Our working definition of a digital platform (with a hat tip to Harold Feld of Public Knowledge) is an online service that operates as a two-sided or multi-sided market with at least one side that is “open” to the mass market
Google lost most of its appeal to overturn the largest antitrust fine it has so far faced globally, a boost to the European Union’s campaign to rein in alleged anticompetitive conduct by big tech companies.
Governor Gavin Newsom (D-CA) signed a first-of-its-kind social media transparency measure to protect Californians from hate and disinformation spread online. AB 587, sponsored by Assemblymember Jesse Gabriel (D-Encino), will require social media companies to publicly post their policies regarding hate speech, disinformation, harassment, and extremism on their platforms, and report data on their enforcement of the policies.
The White House convened a listening session with experts and practitioners on the harms that tech platforms cause and the need for greater accountability. The Biden-Harris Administration announced the following core principles for reform:
Nokia has partnered with Ready.net – makers of the Broadband.money platform – to help local broadband providers connect unserved and underserved communities. Nokia will provide tutorials, blueprint network designs, grant expertise, and equipment planning tools for inclusion in Broadband.money’s portal. Nokia will add its expertise and market-leading innovation to the platform, accessible to users in the form of tutorials, blueprint network designs, and tools to help work out the equipment they will need, further simplifying the grant application process.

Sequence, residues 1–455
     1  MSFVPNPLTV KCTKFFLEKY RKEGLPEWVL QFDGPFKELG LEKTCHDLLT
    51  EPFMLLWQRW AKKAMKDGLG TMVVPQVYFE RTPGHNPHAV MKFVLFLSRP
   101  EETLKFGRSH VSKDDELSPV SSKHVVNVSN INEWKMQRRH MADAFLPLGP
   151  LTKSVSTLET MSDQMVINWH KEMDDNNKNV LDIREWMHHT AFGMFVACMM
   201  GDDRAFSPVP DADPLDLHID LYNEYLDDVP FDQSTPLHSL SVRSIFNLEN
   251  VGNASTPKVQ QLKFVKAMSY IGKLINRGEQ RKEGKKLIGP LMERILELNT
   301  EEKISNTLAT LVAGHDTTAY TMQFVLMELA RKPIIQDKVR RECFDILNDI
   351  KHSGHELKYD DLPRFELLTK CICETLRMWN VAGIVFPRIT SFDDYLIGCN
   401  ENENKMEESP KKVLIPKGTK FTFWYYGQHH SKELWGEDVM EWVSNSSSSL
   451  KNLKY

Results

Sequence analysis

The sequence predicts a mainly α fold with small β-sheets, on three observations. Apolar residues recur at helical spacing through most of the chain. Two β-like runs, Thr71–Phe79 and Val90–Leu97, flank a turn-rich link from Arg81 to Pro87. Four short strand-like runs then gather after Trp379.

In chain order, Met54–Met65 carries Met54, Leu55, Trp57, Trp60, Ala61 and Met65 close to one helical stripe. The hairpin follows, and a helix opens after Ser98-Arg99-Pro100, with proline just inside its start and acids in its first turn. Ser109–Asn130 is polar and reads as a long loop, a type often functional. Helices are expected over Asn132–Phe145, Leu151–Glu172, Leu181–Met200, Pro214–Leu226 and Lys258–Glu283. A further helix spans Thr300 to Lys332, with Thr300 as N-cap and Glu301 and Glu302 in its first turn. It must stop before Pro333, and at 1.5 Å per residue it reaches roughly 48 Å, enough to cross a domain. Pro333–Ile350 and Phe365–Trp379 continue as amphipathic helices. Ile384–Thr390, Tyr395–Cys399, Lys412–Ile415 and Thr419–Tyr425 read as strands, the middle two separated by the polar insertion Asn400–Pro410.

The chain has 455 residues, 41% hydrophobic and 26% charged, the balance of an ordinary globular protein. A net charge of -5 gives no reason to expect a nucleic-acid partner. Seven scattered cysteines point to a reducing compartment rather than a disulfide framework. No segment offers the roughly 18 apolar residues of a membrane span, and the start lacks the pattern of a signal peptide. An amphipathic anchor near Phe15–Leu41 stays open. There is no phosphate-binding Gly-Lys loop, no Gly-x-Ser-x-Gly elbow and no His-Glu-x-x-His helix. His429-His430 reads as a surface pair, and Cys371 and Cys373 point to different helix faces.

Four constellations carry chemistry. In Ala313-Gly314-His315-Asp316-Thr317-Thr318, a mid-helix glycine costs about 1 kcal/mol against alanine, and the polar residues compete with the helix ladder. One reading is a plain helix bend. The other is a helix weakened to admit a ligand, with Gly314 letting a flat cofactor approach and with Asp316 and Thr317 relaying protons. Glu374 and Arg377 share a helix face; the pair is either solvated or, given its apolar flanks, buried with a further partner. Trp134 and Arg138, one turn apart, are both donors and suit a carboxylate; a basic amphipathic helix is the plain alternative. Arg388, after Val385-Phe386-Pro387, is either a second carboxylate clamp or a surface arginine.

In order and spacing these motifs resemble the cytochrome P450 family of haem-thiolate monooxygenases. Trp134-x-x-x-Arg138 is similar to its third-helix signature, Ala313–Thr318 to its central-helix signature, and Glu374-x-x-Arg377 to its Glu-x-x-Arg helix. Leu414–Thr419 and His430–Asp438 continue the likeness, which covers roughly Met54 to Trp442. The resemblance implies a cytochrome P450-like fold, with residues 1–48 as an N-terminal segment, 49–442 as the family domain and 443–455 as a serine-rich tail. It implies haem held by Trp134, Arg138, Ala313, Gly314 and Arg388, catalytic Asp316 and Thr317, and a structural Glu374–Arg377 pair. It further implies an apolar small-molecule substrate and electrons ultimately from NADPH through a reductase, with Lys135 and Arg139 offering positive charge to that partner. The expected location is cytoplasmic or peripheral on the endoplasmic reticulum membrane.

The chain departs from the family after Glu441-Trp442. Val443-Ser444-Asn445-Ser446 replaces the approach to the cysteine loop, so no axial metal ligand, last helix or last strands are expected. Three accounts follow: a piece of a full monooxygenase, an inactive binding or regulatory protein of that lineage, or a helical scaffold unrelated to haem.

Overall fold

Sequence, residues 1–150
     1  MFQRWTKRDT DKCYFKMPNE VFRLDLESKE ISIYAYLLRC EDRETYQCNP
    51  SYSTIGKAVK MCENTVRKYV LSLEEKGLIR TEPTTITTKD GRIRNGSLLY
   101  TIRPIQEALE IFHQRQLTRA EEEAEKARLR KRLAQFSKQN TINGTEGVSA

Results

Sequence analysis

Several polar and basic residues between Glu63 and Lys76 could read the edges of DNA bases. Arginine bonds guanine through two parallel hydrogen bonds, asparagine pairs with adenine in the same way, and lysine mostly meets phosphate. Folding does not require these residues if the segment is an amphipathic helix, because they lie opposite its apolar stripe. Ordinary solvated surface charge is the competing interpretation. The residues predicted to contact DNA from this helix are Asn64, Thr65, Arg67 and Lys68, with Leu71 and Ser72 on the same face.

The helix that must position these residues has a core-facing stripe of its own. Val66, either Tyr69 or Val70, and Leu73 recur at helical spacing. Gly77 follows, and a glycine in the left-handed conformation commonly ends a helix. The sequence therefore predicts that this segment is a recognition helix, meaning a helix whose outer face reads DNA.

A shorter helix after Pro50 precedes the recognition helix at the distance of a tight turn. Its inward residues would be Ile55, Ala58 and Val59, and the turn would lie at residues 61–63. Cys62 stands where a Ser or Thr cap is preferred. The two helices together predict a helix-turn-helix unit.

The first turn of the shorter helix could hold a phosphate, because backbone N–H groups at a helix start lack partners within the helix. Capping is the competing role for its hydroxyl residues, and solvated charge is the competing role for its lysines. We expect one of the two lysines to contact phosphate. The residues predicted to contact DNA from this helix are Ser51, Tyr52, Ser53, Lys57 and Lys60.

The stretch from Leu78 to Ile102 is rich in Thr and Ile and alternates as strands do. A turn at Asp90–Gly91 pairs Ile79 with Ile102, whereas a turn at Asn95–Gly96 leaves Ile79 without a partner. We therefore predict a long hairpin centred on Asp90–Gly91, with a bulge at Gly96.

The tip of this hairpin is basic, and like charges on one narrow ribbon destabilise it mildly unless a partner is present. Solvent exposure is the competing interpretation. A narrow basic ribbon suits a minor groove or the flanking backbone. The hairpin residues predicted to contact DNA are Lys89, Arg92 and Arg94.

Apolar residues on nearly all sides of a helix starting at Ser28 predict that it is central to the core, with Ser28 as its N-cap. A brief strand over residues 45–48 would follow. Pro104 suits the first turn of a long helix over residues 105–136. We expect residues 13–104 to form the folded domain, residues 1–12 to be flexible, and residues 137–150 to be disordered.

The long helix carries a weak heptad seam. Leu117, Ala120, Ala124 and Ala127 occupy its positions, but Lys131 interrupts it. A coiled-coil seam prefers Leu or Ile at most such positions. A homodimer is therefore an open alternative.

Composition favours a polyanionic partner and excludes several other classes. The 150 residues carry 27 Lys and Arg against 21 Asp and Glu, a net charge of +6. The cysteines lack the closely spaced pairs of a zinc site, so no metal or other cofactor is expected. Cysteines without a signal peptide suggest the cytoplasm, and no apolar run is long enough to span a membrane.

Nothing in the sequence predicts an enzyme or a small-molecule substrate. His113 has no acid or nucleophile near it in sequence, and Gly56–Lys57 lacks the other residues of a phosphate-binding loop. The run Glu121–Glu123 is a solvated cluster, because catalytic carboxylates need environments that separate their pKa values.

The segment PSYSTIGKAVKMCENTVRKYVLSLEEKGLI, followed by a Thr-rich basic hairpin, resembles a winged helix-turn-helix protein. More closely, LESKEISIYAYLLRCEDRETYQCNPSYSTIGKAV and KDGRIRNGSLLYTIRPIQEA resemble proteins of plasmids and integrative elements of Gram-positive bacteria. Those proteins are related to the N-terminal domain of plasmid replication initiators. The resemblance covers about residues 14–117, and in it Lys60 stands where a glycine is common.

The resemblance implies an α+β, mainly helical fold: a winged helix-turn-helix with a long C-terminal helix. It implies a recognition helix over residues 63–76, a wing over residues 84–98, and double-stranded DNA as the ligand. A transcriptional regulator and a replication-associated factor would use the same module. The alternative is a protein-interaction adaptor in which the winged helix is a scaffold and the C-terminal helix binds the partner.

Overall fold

The word "competition" has a different meaning in Washington (DC) and other centers of regulation around the globe than it does in Silicon Valley. Industry leaders view acquiring startups, keeping customers inside their existing ecosystems, and trying to dominate new platforms as part of the natural process of business competition.
How Apple, Google, Facebook, Amazon and Microsoft make their revenue today shapes the battles they will fight tomorrow. For years, the largest tech companies each had their own fiefdom where they garnered the lion's share of revenue and profits. While tech companies competed at the edges, the market was big enough that each had plenty of green fields to expand into. They might step on each other's toes, but they took pains — and sometimes struck deals — to steer clear of the others' core businesses.
In most businesses, competition means several rivals are fighting to win a prize — typically, the customer's dollar. Most tech companies still view themselves as engaged in fierce competition. They're just going after a wider and more complex set of prizes.
Facebook corporate parent Meta has reached a tentative settlement in a lawsuit alleging the world’s largest social network service allowed millions of its users’ personal information to be fed to Cambridge Analytica, a firm that supported Donald Trump’s victorious presidential campaign in 2016. Terms of the settlement weren’t disclosed in court documents filed Aug 26. The filing in San Francisco federal court requested a 60-day stay of the action while lawyers finalize the settlement. That timeline suggested further details could be disclosed by late October.
Meta Platforms signed a $37.5 million class settlement with Facebook users who say the platform continued tracking their locations after they turned off location services on their devices, according to a filing in San Francisco federal court. The settlement by the US District Court for the Northern District of California covered about 70 million US residents who used Facebook between Jan. 30, 2015 and April 18, 2018 and who turned off the location services setting for the Facebook application on their iOS or Android devices.
Cox Communications parent company Cox Enterprises inked a deal to acquire well-known news outlet Axios for more than half a billion dollars, in a move the former pitched as part of an effort to diversify its business. As part of the transaction, Cox Enterprises CEO Alex Taylor will join Axios’ board. Axios co-founders Jim VandeHei, Mike Allen and Roy Schwartz will lead editorial operations and retain “substantial stakes” in the company.